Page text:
Augusta to East Glacier

Posted on: Tuesday August 29, 2017 Continental Divide Trail

This post was written in my sleeping bag at the end of a long day. Please excuse any errors.

augusta-to-east-glacier Our hitch into Augusta told us he gave a solo woman a ride out to the trailhead just before we showed up. We are confused: there are so few woman on trail that I tend to follow them closely and I haven’t seen another female hiker since Leadore. In Augusta, we learn the hiker is Glimmer, and I suddenly want to catch her so badly. She’ll have an 8 hour head start on us though- hard miles to make up even in a 140 mile section.

augusta-to-east-glacier Thatch chats up a guy at breakfast and we’ve soon scored a ride back to the trail. We’re at the parking lot by 1, but I feel awful. I throw out my z lite and lie down. Wild Land heads out while Thatch and I linger. I use the outhouse and then follow him, as it starts to rain. There are day hikers everywhere, at least by CDT standards. My stomach gurgles ominously, and I worry I’ll embarrass myself in front of them. I stop a few times and chug some pepto. Thatch catches me taking a break, but we don’t find Wild Land anywhere. Tour Guide comes past sobo, giving me a massive hug, but with the bad news that Wild Land is half an hour ahead. It’s getting dark. We push on, but fall a mile short of where he is. augusta-to-east-glacier I’m up early in the morning, as always, and head up towards the pass before the Chinese wall. Turning a switchback, I look back and see Wild Land behind me. Huh. Guess I passed him in the morning. We walk along the wall, stopping for photo breaks. In the afternoon, we cross spotted bear pass and the trail becomes rougher. Rocks, slippy on the river crossings and overgrown, I hurt my toe on something. Every time I bend it is agony and I start to wonder if I’ve broken it. Finally, I have a hiker hobble. It’s a little better in the morning, as I climb aptly named Switchback pass. I crest the pass and see smoke. Great. It’s on the other side of the valley though, no big deal, right? Wild Land confirms and then we’re running down the valley, following rivers. By afternoon, we’ve circled the ridge the fire was on and can see it blowing up. A column of smoke rises, dark and billowing. I see more trail closures coming and I’m so glad we’ve skated through. We pass more fires- I stop counting after three. All are distant enough that I’m not scared, but trying to figure out if the trail is open becomes a hassle. Still, we are running for town, trying to catch Glimmer on this last stretch. Bear prints soon appear, on top of the prints of the hikers in front. I chatter pointlessly, bear noise necessary. Wild Land and I reach the highway before Thatch. There’s an overpriced restaurant a half mile down the road and we decide to wait for him there. I stuff my face with pasta, appetite finally back, but Thatch doesn’t show. The two of us camp by the highway, and following the recent trend, I’m out of camp before Wild Land is even stirring. I find Thatch just inside the park. “Excuse me sir, do you have a permit?” I wake him up with my best ranger impression. Then I’m flying down the trail in the morning sunshine. By 11, I’m sick of talking to myself, so I blast my music out my speaker and sing along. I immediately see day hikers for the first time in a long time, but I have no shame. And right behind them is Glimmer! She is slackpacking South and warns me of bears up ahead, though I won’t see any. We’ll meet up in town. Finally, another woman hiker!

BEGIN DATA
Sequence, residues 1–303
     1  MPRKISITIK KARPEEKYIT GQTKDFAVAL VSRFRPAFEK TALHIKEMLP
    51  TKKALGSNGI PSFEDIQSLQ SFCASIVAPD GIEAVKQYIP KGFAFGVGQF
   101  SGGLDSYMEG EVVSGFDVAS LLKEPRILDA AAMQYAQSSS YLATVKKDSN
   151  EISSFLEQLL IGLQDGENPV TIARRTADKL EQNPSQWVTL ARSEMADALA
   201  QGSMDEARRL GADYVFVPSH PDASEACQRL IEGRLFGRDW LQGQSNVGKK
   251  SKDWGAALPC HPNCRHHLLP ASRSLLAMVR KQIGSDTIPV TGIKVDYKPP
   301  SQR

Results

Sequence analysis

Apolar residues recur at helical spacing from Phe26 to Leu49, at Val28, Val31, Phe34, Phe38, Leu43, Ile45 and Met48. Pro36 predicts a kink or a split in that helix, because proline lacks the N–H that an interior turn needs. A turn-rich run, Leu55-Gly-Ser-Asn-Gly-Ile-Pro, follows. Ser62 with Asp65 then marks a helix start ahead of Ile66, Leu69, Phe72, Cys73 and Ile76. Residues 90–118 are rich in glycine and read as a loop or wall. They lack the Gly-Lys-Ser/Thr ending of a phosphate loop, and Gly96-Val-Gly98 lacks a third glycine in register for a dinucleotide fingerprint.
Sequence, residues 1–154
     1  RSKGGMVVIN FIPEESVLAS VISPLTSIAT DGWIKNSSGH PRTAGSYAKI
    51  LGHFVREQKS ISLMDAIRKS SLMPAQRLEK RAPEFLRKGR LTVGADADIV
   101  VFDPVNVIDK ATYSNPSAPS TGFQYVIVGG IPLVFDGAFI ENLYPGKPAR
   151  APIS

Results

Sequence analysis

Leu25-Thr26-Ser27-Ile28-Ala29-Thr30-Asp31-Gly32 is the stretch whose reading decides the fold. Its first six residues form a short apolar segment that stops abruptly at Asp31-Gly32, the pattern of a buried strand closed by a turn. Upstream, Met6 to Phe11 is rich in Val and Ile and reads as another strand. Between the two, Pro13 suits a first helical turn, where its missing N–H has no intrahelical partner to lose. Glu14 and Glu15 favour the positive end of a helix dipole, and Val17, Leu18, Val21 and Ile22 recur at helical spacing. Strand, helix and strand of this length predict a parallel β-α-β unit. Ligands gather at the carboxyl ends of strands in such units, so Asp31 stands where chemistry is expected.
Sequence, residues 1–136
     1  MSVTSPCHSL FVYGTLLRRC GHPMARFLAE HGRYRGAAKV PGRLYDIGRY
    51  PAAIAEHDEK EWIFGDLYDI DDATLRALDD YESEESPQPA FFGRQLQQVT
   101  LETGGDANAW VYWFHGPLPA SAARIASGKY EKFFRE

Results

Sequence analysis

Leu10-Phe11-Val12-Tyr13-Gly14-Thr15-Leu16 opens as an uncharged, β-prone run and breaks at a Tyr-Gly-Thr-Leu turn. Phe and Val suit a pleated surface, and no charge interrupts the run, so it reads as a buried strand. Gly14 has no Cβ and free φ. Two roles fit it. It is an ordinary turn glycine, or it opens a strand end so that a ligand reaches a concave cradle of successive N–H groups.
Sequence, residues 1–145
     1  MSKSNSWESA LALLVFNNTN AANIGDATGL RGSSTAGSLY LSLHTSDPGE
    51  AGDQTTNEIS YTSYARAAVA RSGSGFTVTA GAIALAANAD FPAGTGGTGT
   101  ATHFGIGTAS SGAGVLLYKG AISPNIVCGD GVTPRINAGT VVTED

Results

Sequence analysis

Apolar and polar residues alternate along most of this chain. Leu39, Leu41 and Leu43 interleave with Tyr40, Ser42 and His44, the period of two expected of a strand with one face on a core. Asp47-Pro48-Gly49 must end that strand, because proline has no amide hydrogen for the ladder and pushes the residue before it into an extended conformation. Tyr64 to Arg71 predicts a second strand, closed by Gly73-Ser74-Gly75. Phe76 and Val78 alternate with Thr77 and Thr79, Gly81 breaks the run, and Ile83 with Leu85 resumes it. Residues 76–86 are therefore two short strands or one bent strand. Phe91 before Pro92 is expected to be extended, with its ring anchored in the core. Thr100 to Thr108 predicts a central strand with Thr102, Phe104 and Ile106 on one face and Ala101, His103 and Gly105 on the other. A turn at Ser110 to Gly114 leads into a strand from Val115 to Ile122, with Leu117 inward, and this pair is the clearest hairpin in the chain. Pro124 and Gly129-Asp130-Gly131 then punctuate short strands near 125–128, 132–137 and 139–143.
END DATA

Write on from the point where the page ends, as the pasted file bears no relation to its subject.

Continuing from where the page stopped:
Eloise Robbins (Fun Size)

About the Author

Eloise Robbins (Fun Size) is a writer, triple crown thru hiker, and adventurer. She is a lover of the outdoors, hiking, canoeing, and most of all mountains.

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